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Uncovering the Realities of Motherhood

Learn about some of the truths hidden deep within the realities of motherhood.

Uncovering the Realities of Motherhood

There is a general consensus among mothers, researchers, feminists, and nonfeminists that women and literature have dwelled on the fuzzy side of motherhood, keeping the negatives under cover. The problem is, the other stuff is what women need to know. In fact, a national study reported that only one out of four women had a realistic idea of what motherhood would entail.

Consequently, a new genre of books is coming to the surface that recounts the trials, tribulations, and tensions of motherhood. The purpose is to let women of childbearing age in on the secrets before going through the initiation rites, and to alleviate the guilt one might incur reconciling the image of motherhood with the reality of it.

Susan Jeffers, Ph.D., in her book, "I'm Okay, You're a Brat!" (Renaissance Books, 1999) touts the idea that women deliberately have been kept in the dark about how hard it is to be a mother. When one confronts her own misery or ambivalence towards the task, she becomes confused and silent, ashamed of her own feelings.

Now it is out in the open! You're okay. It's okay to feel frustrated, confused, and angry. Motherhood isn't always a sunny picnic; but in most cases, the just dessert eventually makes up for the stormy days and rainedout celebrations.

In Anticipation of Motherhood

The problem may start as far back as what women say they anticipate about motherhood:

  • Nurturing a living being
  • Creating the ideal family unit
  • Intensifying a love relationship with a partner
  • Gaining pleasure and satisfaction in being needed
  • Cuddling that cute bundle and smelling that wonderful baby smell
  • Producing a biological being that will love you forever

"It is impossible to describe how big the whole thing is—it is all-consuming," says Sara Jane Harris, a 30-year-old mother of an 18-month-old child living in Bethesda, Maryland. "It is the most enigmatic sequence of events. It has brought me to tears of both genuine elation and panicked horror. It is an almost tortuous job because my focus in life is to make this new person the happiest, strongest person alive—even if it drains my own soul to the core."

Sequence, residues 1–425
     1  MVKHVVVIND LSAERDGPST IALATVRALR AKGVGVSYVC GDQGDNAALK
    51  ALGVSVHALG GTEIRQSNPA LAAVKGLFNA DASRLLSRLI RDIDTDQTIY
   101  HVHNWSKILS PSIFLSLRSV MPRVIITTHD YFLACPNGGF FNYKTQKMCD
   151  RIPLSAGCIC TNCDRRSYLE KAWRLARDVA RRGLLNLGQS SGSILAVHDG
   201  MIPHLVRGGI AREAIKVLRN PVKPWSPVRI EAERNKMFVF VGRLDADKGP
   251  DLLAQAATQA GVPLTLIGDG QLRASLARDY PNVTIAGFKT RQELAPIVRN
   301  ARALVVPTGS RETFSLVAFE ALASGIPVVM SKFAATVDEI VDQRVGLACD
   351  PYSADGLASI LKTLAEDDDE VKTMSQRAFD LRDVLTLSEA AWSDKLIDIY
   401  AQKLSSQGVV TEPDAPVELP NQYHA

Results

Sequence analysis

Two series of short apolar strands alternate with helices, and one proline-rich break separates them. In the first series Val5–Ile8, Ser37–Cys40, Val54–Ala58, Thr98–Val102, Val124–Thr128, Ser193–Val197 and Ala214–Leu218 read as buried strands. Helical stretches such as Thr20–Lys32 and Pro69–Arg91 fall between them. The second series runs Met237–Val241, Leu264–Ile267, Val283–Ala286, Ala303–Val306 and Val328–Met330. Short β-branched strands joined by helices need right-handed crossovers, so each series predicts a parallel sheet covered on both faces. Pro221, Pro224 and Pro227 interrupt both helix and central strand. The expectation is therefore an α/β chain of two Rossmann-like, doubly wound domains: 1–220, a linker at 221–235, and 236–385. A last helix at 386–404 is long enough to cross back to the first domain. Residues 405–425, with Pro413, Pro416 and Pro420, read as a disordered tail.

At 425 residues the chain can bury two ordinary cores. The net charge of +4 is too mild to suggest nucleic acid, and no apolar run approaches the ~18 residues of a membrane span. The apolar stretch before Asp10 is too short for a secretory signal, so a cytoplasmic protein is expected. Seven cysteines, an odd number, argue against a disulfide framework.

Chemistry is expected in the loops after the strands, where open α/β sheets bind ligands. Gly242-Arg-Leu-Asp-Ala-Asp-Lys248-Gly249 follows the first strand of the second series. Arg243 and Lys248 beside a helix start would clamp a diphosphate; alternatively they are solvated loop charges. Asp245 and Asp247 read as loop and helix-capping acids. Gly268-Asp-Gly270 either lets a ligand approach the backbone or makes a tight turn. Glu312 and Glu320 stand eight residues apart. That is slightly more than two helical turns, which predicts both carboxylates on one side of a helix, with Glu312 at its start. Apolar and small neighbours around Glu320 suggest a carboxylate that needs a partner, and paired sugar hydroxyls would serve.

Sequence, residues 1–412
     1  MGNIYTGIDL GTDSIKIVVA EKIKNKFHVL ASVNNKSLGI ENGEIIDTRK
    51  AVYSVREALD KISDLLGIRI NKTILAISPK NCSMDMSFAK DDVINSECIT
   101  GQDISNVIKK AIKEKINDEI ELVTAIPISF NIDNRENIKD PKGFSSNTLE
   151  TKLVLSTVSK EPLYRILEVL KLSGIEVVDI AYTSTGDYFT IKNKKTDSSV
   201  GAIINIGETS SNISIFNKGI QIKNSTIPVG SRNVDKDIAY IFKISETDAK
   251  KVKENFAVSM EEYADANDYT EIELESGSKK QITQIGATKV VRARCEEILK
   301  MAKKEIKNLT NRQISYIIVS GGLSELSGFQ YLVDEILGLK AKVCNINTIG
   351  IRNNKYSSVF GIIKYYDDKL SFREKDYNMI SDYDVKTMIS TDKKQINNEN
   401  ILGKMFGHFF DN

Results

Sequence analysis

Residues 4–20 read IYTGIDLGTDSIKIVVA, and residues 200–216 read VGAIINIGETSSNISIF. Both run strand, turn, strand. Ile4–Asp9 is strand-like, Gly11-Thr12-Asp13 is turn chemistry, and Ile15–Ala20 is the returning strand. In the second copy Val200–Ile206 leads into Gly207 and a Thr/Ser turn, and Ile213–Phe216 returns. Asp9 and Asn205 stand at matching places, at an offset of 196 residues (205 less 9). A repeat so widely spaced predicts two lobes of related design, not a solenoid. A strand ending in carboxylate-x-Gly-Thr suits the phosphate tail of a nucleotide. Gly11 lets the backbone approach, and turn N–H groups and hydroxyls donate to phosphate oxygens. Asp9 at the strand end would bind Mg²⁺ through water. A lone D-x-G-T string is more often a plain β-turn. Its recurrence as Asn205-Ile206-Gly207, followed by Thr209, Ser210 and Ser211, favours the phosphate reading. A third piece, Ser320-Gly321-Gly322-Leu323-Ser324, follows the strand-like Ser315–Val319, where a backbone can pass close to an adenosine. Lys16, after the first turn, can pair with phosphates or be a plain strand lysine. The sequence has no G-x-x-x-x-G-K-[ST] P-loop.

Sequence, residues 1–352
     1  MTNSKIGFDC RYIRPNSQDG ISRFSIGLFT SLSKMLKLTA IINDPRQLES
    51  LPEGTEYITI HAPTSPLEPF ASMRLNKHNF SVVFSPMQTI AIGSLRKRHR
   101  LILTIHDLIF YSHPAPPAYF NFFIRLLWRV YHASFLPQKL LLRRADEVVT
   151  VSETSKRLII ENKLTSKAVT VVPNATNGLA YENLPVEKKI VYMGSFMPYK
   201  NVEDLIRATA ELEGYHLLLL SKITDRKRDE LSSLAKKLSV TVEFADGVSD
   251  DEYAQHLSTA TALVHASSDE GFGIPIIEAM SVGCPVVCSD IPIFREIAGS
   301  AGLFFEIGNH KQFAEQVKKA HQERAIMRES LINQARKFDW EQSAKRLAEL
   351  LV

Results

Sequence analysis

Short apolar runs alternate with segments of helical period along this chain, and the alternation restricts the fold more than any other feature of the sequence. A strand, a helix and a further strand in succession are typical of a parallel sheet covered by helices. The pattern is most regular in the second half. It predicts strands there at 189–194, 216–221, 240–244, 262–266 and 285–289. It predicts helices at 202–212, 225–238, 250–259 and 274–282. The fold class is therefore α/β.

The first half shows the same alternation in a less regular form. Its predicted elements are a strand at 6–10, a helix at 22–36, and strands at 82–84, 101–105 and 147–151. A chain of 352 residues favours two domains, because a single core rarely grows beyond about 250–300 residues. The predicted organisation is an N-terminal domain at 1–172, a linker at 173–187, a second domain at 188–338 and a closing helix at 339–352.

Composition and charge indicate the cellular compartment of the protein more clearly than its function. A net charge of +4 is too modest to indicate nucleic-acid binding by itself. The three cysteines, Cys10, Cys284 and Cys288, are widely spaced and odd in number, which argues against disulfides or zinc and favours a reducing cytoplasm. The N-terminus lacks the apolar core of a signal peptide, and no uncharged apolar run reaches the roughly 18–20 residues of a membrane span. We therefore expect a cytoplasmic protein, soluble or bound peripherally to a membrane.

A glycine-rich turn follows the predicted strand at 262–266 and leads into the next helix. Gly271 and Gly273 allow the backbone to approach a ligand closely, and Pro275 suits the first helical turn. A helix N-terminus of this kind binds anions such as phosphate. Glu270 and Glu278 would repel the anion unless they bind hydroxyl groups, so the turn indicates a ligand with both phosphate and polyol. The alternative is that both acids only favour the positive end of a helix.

"But knowing that I am the mother, the MOMMY, and that I am the only one that baby wants when truly in need, is the most satisfying, fulfilling, overwhelming gift that God could give anyone. As many times as I have nearly pulled entire sections of hair from my head or cried until there were no more tears, I wouldn't trade my life with my baby for anything-not even for all of the answers to the questions that make this journey so convoluted. I want to be where I am. The nighttime hugs and squeals of sheer delight at rushing down the slide into my arms move the earth for me."

The Shock of Motherhood

We've all heard and probably said it: "Why didn't someone tell me being a mother was like this?" The shock of what we got was amplified by the discrepancy between what we had expected. Here's what most moms say surprised them about motherhood:

  • The extent of nurturing required
  • The overwhelming sense of responsibility
  • The deprivation of sleep and personal time
  • A disorganized household frenzy
  • The feelings of alienation from the outside world
  • The guilt over not being able to perform up to the standards of a supermom
  • The physical exhaustion
  • The disruption in marital interest and harmony
  • How much they love and focus on this tiny new being in their lives

A Reality Checklist

Jeffers is deeply concerned over the myths and realities of motherhood. She admits, "There are some of us who adore our children but don't adore the process of raising them." Jeffers lists some of the reasons mothers find this to be true:

  1. Life changes after you become a mother and it is never the same again.
  2. You regret the loss of career opportunities and may become depressed over loss of sleep, mobility, privacy, and freedom.
  3. You love your children so much that you will worry about them all the rest of your life.
  4. You bear the blame for everything that goes right or wrong in your children's lives.
  5. It is common for you to have some negative feelings about childrearing.

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